A Little Housekeeping/MTA Bailout

I have been terribly busy the last few weeks, and haven’t had much time to write.  But while I’ve been out, I note that a number of… entities… have signed on as subscribers to this site.  The names and e-mails addresses seem strange: not strange enough to have been obviously generated by a computer, but not like people’s actual names.

I have to believe that it’s a new form of spam, although I can’t understand to what end: if someone writes a comment, I have to approve it before it appears on the site.  And so far, I haven’t received any comments.

In any case, I’ve deleted all of the subscribers that have signed on so far.  If you meant to be a subscriber, I’m sorry; you’ll have to go back and subscribe again.  But for those who would subscribe in the future: after you subscribe, you have one week to submit a cogent comment on one of the postings.  If I don’t see a comment (I don’t necessarily have to agree with it!), I’ll assume that you’re some kind of bot, and will delete your subscription.

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Last week, the state legislature passed a plan to help the Metropolitan Transportation Authority.  The plan will raise about $1.5 billion through a new payroll tax and  a surcharge on taxi rides.  As a result, the Draconian service cuts that were contemplated a few weeks ago will not come to pass, although there will be some cuts and a modest fare increase.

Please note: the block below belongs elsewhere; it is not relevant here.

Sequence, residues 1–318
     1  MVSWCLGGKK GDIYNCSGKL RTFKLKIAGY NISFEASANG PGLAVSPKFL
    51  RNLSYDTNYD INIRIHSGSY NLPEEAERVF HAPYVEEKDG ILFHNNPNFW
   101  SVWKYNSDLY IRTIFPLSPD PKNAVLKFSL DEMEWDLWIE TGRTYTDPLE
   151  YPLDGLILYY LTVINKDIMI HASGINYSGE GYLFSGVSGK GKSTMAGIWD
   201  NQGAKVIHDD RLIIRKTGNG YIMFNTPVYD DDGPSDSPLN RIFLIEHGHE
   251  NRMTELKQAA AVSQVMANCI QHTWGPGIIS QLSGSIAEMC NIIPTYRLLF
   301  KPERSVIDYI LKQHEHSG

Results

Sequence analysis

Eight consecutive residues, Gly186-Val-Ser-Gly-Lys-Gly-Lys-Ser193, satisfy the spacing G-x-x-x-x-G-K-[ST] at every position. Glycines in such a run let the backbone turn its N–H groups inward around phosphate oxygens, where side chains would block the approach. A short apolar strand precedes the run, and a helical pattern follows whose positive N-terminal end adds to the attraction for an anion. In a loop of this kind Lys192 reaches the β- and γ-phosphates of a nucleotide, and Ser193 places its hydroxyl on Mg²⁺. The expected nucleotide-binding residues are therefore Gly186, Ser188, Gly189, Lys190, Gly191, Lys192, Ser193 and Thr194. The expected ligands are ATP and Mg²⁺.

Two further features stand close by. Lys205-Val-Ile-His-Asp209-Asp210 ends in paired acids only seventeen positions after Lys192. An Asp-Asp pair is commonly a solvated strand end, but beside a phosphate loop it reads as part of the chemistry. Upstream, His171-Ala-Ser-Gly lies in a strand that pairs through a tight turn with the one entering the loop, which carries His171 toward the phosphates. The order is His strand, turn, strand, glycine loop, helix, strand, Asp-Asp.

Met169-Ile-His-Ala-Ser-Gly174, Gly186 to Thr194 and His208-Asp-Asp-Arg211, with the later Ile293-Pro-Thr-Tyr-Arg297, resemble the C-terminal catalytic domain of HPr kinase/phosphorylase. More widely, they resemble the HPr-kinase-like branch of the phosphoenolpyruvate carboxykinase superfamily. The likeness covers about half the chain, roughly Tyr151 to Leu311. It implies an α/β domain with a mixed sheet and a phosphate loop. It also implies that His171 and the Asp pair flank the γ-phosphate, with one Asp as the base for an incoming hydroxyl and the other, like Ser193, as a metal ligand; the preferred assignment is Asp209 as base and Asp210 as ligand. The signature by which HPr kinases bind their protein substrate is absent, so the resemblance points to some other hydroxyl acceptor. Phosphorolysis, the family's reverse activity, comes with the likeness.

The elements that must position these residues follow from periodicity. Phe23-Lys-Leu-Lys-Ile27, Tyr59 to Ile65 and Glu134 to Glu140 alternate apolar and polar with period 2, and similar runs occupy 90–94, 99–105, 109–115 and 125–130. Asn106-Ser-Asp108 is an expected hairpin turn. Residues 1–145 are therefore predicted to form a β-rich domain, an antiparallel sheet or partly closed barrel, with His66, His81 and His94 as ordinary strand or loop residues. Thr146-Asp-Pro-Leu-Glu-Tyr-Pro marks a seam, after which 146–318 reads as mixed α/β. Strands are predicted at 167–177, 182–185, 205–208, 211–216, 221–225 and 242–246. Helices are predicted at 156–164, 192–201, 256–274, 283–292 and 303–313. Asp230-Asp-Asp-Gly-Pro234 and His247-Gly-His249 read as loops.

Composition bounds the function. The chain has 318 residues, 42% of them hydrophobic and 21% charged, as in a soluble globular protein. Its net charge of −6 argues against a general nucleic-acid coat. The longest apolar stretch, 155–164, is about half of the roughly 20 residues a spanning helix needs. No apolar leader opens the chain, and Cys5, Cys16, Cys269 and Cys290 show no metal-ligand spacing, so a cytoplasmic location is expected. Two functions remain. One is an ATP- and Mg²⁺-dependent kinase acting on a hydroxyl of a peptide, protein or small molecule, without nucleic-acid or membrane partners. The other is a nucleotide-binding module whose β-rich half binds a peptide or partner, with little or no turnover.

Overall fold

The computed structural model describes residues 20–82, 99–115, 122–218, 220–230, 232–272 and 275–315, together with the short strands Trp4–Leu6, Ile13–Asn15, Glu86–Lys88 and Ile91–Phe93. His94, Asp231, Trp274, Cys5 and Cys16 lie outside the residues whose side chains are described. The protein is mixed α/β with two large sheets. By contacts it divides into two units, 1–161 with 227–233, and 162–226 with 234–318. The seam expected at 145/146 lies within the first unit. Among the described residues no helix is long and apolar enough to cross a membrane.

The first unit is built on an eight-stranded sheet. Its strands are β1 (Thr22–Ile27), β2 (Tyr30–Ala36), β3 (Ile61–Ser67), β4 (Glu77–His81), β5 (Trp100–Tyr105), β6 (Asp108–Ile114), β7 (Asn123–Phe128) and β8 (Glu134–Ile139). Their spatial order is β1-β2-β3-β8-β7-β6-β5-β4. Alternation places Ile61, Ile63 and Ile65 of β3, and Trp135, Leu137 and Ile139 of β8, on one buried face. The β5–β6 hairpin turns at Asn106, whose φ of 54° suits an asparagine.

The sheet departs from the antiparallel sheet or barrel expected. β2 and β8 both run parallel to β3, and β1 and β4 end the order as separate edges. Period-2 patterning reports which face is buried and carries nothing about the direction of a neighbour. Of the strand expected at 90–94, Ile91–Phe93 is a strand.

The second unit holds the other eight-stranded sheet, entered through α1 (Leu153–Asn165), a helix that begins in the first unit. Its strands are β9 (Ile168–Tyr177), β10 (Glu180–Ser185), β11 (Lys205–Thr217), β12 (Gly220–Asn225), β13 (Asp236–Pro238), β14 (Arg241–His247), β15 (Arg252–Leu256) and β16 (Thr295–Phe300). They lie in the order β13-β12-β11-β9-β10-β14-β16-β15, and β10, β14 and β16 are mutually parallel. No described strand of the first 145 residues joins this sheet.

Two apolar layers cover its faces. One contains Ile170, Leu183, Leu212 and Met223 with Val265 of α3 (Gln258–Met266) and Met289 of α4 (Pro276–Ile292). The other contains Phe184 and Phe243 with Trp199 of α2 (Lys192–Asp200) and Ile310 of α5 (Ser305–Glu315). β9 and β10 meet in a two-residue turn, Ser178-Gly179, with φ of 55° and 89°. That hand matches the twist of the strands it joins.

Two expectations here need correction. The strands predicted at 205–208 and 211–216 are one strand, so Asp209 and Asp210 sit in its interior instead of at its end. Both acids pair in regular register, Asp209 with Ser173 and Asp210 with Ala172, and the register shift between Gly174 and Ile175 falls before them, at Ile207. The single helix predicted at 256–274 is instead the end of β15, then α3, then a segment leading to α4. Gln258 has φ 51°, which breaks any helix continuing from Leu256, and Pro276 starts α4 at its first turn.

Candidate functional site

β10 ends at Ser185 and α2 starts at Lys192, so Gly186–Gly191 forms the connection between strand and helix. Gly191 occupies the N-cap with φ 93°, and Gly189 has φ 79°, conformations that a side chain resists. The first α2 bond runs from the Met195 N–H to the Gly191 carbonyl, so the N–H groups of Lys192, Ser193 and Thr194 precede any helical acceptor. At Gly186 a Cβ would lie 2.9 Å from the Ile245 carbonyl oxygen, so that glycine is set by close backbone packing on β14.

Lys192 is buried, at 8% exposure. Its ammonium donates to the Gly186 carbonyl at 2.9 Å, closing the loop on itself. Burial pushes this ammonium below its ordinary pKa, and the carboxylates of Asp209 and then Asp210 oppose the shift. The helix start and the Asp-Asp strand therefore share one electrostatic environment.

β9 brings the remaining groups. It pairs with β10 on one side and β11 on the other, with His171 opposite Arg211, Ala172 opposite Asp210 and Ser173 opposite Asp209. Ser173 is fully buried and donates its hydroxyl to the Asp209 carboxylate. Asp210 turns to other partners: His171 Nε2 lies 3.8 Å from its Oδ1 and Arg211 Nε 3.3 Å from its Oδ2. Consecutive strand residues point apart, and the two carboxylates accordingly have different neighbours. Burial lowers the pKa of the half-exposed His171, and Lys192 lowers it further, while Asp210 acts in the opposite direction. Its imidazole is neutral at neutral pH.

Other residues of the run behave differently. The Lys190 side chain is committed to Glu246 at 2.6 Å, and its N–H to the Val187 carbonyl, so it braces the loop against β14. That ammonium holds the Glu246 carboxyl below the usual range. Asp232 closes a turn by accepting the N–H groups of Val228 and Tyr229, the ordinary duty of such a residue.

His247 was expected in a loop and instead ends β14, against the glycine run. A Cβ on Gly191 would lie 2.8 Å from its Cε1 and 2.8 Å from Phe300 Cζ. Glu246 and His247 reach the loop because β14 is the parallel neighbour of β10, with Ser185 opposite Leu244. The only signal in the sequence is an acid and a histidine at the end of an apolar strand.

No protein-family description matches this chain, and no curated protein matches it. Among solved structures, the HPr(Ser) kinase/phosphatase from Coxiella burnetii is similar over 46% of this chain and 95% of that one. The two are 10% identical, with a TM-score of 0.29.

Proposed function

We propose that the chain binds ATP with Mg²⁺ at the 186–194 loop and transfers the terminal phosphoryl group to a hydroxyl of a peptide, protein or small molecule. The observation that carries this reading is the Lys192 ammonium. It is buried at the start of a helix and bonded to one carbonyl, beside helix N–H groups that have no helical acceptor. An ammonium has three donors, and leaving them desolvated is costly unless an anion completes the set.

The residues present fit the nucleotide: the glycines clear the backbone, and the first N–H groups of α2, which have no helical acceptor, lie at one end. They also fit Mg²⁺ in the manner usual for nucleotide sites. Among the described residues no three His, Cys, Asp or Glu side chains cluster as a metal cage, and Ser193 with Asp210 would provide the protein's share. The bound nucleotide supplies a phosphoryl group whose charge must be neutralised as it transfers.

I should be relieved: while the fare increase is not a big deal for me, the service cuts are a problem, and part of my income as an engineering consultant is derived from the MTA’s capital spending.  But I don’t like it.

One again, the state has papered over the problem with taxing and spending, rather than addressing the real problems.  Why does operating the MTA cost what it does?  Can it work more efficiently?  Given that the operation of the MTA is vital to the economic health of the region and the state, why didn’t the state face the problem squarely in the first place, instead of coming up with half-measures later?  State spending increased by $11 billion this year: what did they spend it on?  And what happens next year, expecially if the economy is still sagging?

But the answers to those questions require thought….

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